Think about your monthly equipment quota. Can you honestly say those numbers drive customer service excellence?
Equipment quota's aren't yours, they are your your prospects' - you're asking them to fulfill your OEM's materials requirements planning scheduling. Can you see?
"On the first of the month we sell solutions, after the 20th, we sell boxes..."Isn't it time to reconsider the entire equipment quota based sales model?
When you hear people say things like, "We've been promoting managed print services since the very beginning..." or "Our web-services are the best because we come out of your industry..." or even "We've been there, we've sold MPS and know what you need in lead generation, keyword utilization and PPC programs. We've been in social media from the very beginning..." remember this video.
That's Ken Stuart and me on the banks of the San Antonio, right after a thrill packed day of MPS pioneerism at Photizo II. The attendees were a collection of "cutting edge" MPS'rs and a great time was had by all.
"I blog because I like to read what I blog..." - GW
Ken and I were there, guess who wasn't. The crusty old guys who today consider themselves oracles of marketing. The self-proclaimed experts of all things "managed" - from printers, users, workflow to IT services (nobody but the uninitiated refer to managed services as "managed network services") are those who mocked MPS back in 2009.
There we were, sitting shoulder to shoulder with a freshly minted copier rep talking to a prospect. The rep was leading the team in monthly revenue and looking to lock it all up with this opportunity. The five of us, there on the provider side, two on the prospect, were discussing the benefits of managed services. Our prospect was lamenting the many challenges with the current IT services provider:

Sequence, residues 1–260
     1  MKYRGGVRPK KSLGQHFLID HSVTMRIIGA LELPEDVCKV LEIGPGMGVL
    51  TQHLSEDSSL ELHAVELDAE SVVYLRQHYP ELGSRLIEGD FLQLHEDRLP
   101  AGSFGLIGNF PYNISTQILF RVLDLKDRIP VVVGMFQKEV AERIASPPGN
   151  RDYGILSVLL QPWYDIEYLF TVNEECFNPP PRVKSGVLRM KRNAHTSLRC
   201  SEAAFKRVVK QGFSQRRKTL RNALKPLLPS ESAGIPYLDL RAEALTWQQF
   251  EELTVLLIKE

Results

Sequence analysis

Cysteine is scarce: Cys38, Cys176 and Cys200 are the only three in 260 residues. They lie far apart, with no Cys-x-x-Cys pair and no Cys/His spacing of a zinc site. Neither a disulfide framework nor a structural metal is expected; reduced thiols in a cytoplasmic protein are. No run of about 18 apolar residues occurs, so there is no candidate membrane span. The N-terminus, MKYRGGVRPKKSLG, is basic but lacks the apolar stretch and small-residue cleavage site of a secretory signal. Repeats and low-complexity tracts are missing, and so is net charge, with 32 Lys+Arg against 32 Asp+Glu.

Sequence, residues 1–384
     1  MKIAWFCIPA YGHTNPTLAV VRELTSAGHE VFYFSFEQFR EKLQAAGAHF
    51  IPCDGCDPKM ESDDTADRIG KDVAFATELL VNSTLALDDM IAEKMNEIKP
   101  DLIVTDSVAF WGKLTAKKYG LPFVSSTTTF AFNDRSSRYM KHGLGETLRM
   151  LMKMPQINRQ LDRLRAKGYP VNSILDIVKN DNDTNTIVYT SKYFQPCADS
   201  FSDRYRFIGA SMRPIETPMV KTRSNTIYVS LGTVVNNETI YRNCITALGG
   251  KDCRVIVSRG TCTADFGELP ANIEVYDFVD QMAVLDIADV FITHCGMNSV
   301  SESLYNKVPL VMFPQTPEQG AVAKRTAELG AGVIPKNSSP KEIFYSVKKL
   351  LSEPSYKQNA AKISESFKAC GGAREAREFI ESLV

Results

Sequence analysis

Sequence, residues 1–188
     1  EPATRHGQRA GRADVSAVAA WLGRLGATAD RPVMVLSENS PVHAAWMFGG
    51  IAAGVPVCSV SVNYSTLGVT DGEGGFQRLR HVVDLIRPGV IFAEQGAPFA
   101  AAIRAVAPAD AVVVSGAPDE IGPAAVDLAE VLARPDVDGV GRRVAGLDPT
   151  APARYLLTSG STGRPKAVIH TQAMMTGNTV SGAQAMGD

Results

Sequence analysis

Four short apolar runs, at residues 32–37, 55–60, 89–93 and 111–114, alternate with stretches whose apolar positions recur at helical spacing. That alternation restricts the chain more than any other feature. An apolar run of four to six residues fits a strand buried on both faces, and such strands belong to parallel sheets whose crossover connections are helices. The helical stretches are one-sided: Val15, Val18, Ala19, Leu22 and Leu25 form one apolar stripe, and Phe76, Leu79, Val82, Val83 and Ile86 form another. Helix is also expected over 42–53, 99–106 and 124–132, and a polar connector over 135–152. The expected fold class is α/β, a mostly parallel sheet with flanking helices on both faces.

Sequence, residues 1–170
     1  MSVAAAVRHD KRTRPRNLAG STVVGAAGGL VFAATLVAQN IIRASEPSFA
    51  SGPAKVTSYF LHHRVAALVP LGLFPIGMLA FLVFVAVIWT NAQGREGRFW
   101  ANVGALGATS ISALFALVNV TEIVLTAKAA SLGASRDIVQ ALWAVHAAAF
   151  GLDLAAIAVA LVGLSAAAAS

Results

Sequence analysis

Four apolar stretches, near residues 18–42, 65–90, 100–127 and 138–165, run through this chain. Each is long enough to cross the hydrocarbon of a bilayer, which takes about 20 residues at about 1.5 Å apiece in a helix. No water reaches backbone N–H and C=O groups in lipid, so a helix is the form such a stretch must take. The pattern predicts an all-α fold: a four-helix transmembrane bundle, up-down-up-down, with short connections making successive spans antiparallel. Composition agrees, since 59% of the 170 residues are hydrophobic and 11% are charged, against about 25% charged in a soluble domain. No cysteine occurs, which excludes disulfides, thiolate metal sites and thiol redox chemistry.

Yes - we could have closed right then and there...
But we didn't
It was bound to happen. Just as water finds its own level, all ideas seem to coagulate into one, homogenized experience. The internet is a great, swirling turbulent presentation of ideas, sales pitches and content and given enough time, websites begin to look and feel the same.
Studies show that the purchasing decision for your customer includes visiting 18 separate online sources before executing a sale. Additionally, other studies suggest that once a prospect reaches out to a provider, his or her decision is sixty percent complete.
There's a great renaissance occurring in the blogger realm. Blogging is coming back as a strong, relevant, proven platform for expressing ideas, establishing uniqueness and attracting customers.
I've found two statistics of interest from the Hubspot"State of Inbound" report and other related data suggest:
#managed print services, #gregwalters, #mps, #sales, #seo, #searchengineoptimization, #traffic, #mysterymeansmargin, #pleasegoviral, #keywordsorcontent
I know this is going to ruffle some feathers, but my latest foray into the world that is the interweb has lead me to the above conclusion. Let me be even more precise: There is no such thing as an SEO expert in our industry. That’s going to hurt the few who claim to be guru’s and pundits - sorry.
It has been, and still is my belief that pure content is the best way to attract an audience. Google agrees. Their search algorithm seeks out fresh, organic content.
Traveling the world of content marketing and marketing content, I see parallels between this realm and the early days of managed print services.(MpS)
In the beginning, nobody really knew what MpS was or how to sell and support a profitable program - some still don't. Back then, there was a great deal of mystery in MpS so anyone who had the slightest insight vaulted to the rank of 'expert' - take it from me. Back then, one needed to have a few weeks more experience than everyone else.